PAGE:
Featured Archives



Archival excerpts:

China and the Western World (April 1896 )
by Lafcadio Hearn
Though China’s political fate at the time seemed uncertain and its people set in traditional ways, Lafcadio Hearn—a Japan-based journalist known for his writings on East Asian culture—predicted that China would one day pose a formidable economic threat to the West.

A Plea for the Recognition of the Chinese Republic (Janury 1913)
by Ching Chun Wang
About a year after revolutionaries had overthrown the Qing Dynasty and established a new government, Ching Chun Wang, a Chinese railway official and representative of the emergent republic, made a case for international recognition.

In China, Too (January 1923)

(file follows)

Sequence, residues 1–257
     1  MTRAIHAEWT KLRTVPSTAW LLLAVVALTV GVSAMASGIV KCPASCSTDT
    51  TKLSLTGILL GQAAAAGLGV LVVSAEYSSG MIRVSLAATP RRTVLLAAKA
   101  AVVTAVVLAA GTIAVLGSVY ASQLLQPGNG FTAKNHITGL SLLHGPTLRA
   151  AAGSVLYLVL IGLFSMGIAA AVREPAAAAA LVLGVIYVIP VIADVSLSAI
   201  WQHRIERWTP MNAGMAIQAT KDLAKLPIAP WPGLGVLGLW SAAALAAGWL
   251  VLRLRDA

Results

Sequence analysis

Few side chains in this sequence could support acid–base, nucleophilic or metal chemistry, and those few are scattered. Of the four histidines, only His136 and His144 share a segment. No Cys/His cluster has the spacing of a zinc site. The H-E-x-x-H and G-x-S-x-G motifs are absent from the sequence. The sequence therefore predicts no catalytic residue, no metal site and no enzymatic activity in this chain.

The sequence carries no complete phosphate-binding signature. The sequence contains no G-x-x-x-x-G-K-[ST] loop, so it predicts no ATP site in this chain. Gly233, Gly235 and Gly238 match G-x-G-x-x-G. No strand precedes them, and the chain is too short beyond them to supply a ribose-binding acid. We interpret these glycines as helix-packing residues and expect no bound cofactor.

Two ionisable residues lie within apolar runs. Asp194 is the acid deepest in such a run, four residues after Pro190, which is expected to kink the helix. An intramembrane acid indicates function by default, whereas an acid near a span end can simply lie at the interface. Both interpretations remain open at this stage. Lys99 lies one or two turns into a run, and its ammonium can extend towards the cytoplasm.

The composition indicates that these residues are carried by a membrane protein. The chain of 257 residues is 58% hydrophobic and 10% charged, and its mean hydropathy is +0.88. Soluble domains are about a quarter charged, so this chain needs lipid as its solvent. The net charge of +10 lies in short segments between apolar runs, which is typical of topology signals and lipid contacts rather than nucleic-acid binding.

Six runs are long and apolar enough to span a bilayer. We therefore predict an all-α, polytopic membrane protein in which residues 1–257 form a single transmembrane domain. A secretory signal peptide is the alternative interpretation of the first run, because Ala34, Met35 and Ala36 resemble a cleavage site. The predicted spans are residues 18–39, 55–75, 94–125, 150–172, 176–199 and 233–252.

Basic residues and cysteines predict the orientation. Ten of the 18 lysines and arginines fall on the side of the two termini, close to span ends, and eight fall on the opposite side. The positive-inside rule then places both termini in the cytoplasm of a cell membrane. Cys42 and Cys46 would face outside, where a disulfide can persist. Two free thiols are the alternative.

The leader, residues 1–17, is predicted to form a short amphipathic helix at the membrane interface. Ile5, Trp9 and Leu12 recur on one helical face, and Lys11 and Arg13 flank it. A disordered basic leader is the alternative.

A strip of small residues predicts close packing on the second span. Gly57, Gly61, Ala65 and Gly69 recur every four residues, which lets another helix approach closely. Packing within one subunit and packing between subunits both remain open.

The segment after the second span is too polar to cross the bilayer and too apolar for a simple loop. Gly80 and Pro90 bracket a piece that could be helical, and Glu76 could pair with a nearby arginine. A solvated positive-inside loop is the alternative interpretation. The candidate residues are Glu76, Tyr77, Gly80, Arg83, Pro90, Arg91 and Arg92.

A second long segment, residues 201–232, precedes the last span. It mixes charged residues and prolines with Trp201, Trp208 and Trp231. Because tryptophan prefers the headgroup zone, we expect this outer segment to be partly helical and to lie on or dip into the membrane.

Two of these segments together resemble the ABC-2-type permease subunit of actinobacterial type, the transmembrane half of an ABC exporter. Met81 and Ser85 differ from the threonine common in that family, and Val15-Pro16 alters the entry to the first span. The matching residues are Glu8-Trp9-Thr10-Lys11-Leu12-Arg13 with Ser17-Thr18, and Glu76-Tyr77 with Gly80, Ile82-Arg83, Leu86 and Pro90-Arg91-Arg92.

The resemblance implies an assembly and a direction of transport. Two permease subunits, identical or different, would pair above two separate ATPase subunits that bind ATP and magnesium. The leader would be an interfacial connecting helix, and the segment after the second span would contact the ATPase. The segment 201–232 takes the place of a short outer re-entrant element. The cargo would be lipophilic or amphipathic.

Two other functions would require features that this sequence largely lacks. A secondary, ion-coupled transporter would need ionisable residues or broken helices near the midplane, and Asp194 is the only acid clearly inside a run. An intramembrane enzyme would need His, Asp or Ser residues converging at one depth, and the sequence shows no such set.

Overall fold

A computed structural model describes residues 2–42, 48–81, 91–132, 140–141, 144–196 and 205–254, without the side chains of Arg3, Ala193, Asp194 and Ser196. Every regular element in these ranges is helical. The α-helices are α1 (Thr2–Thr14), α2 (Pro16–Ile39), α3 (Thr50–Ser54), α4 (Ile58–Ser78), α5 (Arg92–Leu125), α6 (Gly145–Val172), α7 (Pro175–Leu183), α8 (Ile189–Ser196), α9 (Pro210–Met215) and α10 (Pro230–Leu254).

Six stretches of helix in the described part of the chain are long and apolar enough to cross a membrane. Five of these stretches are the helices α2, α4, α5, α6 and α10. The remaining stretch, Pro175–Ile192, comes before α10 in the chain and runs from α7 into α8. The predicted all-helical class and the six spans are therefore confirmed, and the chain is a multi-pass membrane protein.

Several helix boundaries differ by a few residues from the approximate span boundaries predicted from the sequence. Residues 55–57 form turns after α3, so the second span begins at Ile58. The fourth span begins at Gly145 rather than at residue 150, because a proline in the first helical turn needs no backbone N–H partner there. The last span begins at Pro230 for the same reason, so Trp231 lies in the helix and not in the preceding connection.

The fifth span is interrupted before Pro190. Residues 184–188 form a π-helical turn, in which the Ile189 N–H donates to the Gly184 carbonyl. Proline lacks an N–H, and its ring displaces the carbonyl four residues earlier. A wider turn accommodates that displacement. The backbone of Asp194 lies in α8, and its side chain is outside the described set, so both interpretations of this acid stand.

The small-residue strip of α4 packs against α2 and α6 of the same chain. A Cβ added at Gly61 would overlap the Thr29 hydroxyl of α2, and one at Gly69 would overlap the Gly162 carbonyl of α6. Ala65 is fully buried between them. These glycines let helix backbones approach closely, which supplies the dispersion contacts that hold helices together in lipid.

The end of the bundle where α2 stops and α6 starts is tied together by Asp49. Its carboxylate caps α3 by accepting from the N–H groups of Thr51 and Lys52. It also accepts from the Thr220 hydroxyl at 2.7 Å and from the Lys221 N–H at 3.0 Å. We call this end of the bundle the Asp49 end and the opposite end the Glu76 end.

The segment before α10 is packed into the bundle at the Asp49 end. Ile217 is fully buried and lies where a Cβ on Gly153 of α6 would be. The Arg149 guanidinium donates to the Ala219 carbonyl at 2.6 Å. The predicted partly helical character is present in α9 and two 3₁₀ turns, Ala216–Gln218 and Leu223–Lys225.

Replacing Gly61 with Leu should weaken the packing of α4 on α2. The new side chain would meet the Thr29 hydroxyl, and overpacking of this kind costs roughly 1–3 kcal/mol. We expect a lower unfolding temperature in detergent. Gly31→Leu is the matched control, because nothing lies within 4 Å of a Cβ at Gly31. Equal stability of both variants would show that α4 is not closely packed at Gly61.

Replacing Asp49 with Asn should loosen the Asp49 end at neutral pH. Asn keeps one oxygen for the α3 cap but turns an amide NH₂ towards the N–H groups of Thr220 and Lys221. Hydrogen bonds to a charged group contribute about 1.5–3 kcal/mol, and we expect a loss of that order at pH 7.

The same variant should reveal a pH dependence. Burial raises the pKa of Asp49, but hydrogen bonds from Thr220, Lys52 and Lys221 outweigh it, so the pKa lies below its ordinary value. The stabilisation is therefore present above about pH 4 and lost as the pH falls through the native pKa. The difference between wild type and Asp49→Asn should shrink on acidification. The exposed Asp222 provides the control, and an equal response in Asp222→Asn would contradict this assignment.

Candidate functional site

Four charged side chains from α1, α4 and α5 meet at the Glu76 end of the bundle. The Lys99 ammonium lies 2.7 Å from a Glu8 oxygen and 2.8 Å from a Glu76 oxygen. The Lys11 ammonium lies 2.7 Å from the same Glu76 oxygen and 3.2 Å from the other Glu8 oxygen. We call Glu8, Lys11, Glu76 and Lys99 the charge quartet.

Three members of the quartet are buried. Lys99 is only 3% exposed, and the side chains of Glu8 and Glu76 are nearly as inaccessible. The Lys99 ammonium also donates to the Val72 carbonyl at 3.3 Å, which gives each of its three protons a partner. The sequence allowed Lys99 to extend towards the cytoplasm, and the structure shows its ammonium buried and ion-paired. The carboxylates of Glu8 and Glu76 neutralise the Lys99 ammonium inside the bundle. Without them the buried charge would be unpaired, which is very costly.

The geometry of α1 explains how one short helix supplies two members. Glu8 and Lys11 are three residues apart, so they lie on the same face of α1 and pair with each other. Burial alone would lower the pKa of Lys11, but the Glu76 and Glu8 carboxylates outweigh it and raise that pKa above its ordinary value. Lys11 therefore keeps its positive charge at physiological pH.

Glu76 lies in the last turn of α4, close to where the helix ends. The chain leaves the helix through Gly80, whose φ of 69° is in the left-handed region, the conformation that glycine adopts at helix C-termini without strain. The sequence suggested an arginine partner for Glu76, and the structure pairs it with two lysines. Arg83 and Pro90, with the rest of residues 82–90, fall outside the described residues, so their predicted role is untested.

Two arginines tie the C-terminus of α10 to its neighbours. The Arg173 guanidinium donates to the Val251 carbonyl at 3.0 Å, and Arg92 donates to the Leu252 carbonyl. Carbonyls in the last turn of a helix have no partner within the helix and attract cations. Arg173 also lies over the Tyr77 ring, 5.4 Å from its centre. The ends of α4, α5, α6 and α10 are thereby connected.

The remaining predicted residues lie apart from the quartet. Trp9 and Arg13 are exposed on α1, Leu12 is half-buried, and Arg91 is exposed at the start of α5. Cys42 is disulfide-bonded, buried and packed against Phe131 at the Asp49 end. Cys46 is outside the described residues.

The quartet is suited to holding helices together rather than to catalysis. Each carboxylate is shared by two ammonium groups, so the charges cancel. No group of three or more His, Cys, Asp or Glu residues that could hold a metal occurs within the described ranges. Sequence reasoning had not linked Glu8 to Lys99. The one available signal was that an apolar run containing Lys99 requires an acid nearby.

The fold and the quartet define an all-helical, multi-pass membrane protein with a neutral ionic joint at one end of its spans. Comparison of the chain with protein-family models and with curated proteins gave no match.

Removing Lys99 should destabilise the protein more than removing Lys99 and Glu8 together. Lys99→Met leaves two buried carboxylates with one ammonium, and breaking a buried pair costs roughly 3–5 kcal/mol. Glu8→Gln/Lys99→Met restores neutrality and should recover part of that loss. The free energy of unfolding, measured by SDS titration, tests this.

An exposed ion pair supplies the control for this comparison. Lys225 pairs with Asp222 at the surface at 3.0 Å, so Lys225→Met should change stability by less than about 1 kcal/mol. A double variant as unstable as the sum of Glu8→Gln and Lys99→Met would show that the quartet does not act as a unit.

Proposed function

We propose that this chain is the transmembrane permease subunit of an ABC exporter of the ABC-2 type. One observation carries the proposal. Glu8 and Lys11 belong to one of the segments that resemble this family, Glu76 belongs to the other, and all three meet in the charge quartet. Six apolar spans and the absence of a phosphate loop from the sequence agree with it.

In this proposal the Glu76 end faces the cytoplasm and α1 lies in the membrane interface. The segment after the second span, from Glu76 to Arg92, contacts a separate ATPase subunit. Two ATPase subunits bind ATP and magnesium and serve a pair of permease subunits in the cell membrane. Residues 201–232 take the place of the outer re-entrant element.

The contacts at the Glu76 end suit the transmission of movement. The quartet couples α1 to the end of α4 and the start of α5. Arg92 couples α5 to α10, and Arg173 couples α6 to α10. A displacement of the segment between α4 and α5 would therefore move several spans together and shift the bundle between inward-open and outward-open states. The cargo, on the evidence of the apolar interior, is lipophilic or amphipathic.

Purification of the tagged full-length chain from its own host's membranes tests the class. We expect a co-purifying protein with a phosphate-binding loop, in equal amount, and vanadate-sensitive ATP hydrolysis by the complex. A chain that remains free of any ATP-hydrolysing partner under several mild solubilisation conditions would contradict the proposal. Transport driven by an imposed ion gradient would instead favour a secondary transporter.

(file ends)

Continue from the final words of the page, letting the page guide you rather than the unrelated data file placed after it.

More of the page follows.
by Pearl S. Buck
In 1923, Pearl S. Buck, an American-born writer who had been raised in China and continued to live and teach there with her husband, reflected on the social and cultural changes transforming China’s young people. She went on to write many books, winning the Pulitzer Prize in 1932 for her novel The Good Earth, and the 1938 Nobel Prize in Literature.

China Emergent (May 1942)
by Madame Chiang Kai-shek
In the midst of World War II, as China’s Nationalist leader, Chiang Kai-shek, struggled against Japanese invaders from without and the Communist movement from within, his Wellesley College–educated wife decried the exploitation of China by the West and delineated a vision for a more democratic future.

In China (March 1979)
by Arthur Miller
After a 1978 visit to China, the renowned playwright Arthur Miller shared his impressions of the country, taking note of its cultural isolation.